Smileycoin economics

Update, 2017

Since the blog below was written, the Smileycoin has changed considerably.

In 2015, the Smileycoin is registered on more exchanges (notably, it can be used to buy coffee on the University of Iceland campus and there are multiple web pages describing its uses. In particular, users in Iceland can go to to buy discount coupons for a domestic airline, tickets to the cinema, Amazon coupons etc. Several other companies are expected to join the project in the near future.

The reward scheme in the tutor-web has also changed and 2.7 billion SMLY have been awarded to students up to December 2016. Several students had earned over 20 million SMLY during the fall semester of 2016.

The price of the SMLY did not change much during the first two years, Nov. 2014-Nov. 2016, staying around 1 Satoshi or 10^-8 BTC throughout. Once students started selling their earnings in December 2016 the SMLY price fell to about 0.25 Satoshi. The price is very volatile and it takes little to move it up or down by a factor of 4 (as of February 2017).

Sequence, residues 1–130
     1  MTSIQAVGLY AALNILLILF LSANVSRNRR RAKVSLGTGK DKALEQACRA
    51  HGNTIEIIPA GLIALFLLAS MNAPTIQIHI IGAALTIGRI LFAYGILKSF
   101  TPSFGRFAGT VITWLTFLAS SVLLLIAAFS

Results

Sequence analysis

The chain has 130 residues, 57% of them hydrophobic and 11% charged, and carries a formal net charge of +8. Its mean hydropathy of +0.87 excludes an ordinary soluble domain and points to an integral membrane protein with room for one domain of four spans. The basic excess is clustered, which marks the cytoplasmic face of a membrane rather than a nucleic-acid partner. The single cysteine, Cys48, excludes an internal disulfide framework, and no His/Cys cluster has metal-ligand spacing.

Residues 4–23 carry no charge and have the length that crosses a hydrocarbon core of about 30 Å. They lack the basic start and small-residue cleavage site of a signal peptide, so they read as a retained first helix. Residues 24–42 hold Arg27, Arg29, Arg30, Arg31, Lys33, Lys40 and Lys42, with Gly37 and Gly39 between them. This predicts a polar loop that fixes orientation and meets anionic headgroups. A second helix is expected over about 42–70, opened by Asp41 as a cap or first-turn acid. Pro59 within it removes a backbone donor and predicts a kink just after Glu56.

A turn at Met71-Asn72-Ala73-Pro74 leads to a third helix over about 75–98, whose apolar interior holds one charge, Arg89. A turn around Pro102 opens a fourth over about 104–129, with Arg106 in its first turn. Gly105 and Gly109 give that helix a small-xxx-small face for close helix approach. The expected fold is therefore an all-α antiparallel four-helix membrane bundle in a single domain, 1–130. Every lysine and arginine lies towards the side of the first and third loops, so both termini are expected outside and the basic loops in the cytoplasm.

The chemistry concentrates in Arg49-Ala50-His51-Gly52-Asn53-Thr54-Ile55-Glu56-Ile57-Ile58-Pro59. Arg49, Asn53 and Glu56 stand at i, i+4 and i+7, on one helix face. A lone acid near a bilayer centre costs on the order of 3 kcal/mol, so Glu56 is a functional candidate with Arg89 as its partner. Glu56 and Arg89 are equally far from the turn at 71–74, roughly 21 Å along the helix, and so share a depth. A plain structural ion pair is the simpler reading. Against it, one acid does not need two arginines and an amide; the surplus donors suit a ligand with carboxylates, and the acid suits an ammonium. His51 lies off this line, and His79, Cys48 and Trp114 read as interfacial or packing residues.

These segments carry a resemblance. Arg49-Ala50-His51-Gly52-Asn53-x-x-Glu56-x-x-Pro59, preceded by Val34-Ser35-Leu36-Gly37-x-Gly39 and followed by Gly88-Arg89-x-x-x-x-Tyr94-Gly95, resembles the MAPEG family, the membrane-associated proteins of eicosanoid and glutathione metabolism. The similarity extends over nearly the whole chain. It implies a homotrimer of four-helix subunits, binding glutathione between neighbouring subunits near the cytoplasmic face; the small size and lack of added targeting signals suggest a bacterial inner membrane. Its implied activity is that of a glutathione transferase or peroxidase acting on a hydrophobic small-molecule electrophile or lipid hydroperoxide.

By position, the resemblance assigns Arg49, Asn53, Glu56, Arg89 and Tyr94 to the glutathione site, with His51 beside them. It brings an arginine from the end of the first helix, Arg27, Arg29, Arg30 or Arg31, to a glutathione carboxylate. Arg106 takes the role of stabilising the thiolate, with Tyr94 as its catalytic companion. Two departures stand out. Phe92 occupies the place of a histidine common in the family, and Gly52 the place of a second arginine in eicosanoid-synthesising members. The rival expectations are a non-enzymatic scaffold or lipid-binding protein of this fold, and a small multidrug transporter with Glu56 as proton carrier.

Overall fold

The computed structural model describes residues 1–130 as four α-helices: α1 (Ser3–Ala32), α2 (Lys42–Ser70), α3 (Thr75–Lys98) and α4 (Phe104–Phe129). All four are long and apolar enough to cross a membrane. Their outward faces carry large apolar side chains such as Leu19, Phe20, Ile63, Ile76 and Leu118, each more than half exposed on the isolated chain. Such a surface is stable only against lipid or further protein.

The price of a Smileycoin

So how much is a SMLY actually worth? Not much, actually.

To get an exact figure as of today, you can check into a cryptocurrency exchange such as where the sales price is currently listed at 0.00000001 BTC. This means that it takes 100 million SMLY to buy one Bitcoin or, put another way, 1 million SMLY will buy 3 dollars (US).

Standard economics will tell you that this makes perfect sense: Why would anyone want to keep, or buy, SMLY if there is no use for it, nothing to buy with it?